Viola’, my very own personal LT was about 140 bpm.  Below this level I should be able to ride for an extended period of time, and above this level I could only ride for shorter periods, depending on how far above it I am.

Next, Jay is going to put together the information from the test, then determine my specific heart rate zones, and finally, he will make some training recommendations based on my particular body and the goals I have set.  If I dilegently follow his recommendation my LT should go up, indicating that I am able to put forth more effort for longer periods of time.

Well, to say that I am excited would be an understatement.  With only four months left till we leave I need all of the help that I can get.  We agreed to re-run the test the end of May to see how much improvement I have made.


Training Programs

ConcernedIn my previous post, on Heart Rate Zones, I talked about the concern I had with whether or not my training was helping or not.  Key word NOT.  It turns out that over training  is actually worse than undertraining.  With under training you just don’t reach your peak, but with over training you can actually regress past where you started.  This seems to occur because the ol’ bod doesn’t get sufficient time to recover between training sessions.

Sooo, what is a good training program to attain maximum performance?  Okay, in my case, maybe not maximum performance but at least some sort of performance.  Well, back to the internet and some various recommendations.  Again, most of the training sites, including Livestrong, were focused on upright bicycle racers, and they all tended to agree with some general training principles.

Ah yes, and now for the disclaimer to try and keep the lawyers away: I am not a doctor, I have had no medical training, I have interrpreted the information on several different websites, I have offered up this general information for information purposes only, I do not know anyone’s physical condition, sooooo, don’t try any of this without getting your doctor’s A okay.  Okay?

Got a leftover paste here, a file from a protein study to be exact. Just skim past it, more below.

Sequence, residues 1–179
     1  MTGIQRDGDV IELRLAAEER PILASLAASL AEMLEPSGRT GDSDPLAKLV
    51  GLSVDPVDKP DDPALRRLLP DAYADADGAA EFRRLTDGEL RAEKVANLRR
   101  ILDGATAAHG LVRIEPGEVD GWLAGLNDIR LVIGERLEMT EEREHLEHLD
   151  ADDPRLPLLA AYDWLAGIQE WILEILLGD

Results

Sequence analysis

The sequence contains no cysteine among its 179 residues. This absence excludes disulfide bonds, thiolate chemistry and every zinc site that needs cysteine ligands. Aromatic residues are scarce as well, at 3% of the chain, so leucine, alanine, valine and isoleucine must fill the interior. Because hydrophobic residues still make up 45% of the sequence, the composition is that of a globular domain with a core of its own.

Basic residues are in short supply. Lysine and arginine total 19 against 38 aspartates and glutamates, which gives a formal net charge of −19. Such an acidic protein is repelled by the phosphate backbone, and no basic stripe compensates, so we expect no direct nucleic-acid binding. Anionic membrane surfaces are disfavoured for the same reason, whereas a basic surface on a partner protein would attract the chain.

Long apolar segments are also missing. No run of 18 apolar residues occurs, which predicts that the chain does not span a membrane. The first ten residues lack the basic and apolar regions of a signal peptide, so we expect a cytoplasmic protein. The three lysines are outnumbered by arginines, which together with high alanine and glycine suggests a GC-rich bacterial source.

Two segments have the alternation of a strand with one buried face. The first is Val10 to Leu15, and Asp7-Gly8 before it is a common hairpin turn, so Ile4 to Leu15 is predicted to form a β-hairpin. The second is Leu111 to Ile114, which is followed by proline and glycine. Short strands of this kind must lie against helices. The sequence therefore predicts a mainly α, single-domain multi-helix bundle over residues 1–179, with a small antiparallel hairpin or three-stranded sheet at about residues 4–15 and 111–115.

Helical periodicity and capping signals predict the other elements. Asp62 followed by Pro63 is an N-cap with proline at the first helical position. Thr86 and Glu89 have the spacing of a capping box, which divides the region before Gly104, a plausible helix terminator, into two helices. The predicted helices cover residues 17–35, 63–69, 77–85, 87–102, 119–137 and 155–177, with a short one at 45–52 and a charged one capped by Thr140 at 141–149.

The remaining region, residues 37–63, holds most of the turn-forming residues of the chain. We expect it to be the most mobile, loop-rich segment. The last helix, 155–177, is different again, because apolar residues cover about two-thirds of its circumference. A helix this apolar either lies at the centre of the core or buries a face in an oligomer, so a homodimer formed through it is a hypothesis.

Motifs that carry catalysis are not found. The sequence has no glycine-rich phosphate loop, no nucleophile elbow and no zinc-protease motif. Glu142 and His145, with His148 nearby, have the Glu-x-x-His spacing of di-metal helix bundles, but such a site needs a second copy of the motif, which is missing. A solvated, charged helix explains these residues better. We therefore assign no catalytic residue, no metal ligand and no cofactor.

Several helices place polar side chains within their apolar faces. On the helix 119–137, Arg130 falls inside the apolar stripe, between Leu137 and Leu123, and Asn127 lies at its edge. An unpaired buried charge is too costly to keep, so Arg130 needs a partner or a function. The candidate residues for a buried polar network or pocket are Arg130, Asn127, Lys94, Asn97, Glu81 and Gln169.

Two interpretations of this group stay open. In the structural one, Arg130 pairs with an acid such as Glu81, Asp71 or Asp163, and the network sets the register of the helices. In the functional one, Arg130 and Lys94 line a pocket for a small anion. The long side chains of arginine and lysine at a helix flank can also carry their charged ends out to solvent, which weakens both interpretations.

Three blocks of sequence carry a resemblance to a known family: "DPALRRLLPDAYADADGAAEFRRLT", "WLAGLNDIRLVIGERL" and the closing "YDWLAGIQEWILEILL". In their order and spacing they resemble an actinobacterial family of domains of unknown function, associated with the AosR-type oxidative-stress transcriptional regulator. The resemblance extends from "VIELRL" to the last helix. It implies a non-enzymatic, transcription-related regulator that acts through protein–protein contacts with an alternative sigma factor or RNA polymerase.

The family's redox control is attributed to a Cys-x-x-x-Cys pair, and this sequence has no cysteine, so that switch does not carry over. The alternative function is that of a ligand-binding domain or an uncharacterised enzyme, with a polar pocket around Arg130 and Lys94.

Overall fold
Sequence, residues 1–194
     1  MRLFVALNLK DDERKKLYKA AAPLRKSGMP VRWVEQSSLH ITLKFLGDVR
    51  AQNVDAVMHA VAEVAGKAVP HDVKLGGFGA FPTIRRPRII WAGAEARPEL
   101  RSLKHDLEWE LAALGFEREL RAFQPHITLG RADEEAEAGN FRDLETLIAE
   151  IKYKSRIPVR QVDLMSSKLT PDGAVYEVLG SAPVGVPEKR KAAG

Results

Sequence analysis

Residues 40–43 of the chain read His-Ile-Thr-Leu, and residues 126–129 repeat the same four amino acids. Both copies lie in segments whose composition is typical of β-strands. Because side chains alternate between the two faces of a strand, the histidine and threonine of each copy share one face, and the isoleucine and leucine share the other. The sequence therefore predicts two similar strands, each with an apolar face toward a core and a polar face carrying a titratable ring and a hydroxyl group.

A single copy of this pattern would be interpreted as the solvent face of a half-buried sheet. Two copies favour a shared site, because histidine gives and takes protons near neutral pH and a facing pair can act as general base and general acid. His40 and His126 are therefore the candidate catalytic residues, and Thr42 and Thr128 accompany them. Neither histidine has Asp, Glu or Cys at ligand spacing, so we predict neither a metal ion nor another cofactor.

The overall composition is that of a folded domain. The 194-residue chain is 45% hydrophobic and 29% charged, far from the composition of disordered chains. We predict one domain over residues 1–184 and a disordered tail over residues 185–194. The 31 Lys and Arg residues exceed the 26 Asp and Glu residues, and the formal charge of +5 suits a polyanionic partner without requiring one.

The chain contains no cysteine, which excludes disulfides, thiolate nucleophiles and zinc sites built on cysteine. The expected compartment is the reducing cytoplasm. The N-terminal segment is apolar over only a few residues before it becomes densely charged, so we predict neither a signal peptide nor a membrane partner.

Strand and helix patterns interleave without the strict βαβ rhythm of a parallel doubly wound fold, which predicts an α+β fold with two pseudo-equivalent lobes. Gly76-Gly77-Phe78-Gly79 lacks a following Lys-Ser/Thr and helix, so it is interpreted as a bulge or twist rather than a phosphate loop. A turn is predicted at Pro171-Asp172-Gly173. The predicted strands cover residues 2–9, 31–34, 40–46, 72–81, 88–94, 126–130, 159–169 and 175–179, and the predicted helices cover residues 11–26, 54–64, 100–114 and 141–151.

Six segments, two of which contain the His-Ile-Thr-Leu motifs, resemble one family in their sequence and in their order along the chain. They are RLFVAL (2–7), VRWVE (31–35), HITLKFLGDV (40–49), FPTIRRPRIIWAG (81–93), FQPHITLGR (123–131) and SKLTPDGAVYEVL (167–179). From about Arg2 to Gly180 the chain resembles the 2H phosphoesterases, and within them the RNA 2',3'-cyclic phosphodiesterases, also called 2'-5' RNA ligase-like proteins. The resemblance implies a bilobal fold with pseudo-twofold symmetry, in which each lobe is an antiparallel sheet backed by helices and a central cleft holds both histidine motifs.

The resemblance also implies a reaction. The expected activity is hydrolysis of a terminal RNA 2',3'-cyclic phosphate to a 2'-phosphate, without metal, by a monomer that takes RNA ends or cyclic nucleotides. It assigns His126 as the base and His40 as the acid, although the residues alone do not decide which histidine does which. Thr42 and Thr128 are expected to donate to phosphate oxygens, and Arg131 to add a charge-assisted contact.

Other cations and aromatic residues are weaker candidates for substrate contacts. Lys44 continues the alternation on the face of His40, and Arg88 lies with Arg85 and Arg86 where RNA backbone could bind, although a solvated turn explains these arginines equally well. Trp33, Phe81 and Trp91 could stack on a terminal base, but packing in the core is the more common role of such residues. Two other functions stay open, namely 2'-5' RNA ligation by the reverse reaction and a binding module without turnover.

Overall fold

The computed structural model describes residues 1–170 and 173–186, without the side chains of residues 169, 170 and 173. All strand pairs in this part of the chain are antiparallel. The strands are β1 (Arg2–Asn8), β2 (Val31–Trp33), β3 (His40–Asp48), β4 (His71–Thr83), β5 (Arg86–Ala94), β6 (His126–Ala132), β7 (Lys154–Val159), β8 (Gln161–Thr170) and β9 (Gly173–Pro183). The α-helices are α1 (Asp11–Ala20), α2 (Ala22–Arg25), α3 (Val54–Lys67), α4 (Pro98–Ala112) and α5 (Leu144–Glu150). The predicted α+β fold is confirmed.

Training Sessions Ideas

  1. Endurance (aerobic)
    1. This is the first piece of the training program to be undertaken.
    2. The majority of all training should be spent in Zones 1 and 2 to provide the most benefits for building the cardiopulmonary system.  This maximizes the use of stored fats and carbohydrates.
    3. This piece of the program should last from several weeks to six months.  This will improve the cardiopulmonary (aerobic) endurance.
  2. Performance (anaerobic)
    1. This should not be done until the endurance phase is complete and the cardiopulmonary system has been sufficiently improved.
    2. This training is done in Zone 3.  It is difficult, and the intensity and physical effort can have a negative effect on health and performance.
    3. This training phase can take anywhere from 1 to 4 months.
    4. It is suggested that each day of performance training should be separated by 2 or more days of easy (training).  The better your condition the more recovery days are needed (this is due to the better trained person being able to exert more effort in the workout.
    5. Performance (anaerobic) training improves the ability of the body to use carbohydrates and tolerate resulting buildup of lactate in the muscles.
  3. Training Tips
    1. Endurance
      1. 5 – 10 minutes warm up in Zone 1
      2. Majority in Zone 2
      3. 5-10 minutes cool down in Zone 1
      4. Make sure the body has recovered before repeating this
      5. Train easy during recovery (Zone 1)
    2. Performance
      1. 5-10 minutes warm up in Zone 1
      2. 4-6  intervals in Zone 3 for 4-6 minutes
      3. 5 minute rest in Zone 2 after each interval
      4. 5-10 minutes cool down in Zone 1
      5. Allow 2 or more day for recovery
      6. Train easy during recovery (Zone 1)
    3. Monthly Training
      1. Keep the training consistent for a week
      2. Increase the training by ~10% each week
      3. Train for 3 weeks
      4. Train easy for 1 week (Zone 1) to allow the body to recuperate

All of the websites talk about a recovery time.  What to heck is a recovery time and how long should the time be?  The easy definition seemed to be, ‘when your body has recovered from the previous workout.’  Sounds simple, at least to me it did.  On second thought, how do you know when the ol’ bod has recovered?

If the ol’ bod hasn’t recovered and you do another heavy training session you end up using more juice out of the battery before the battery has recharged.  Eventually the battery is drained and burnout occurs.  Worn out, no desire to train, sleep issues, and irritability are a few of the issues that occur with over training.  In general, your body is regressing instead of progressing.

If the ol’ bod isn’t being used enough then you reach a certain level of fitness and then plateau.  You don’t get worse, but you don’t get better.  Reaching a plateau can be a mental drain because no matter how much time you put in there is no improvement.

Livestrong has an article on the dilemmna between over and under training.  I am going to investigate some method to better help me determine where the ideal spot between not enough and way to much occurs.  More later on!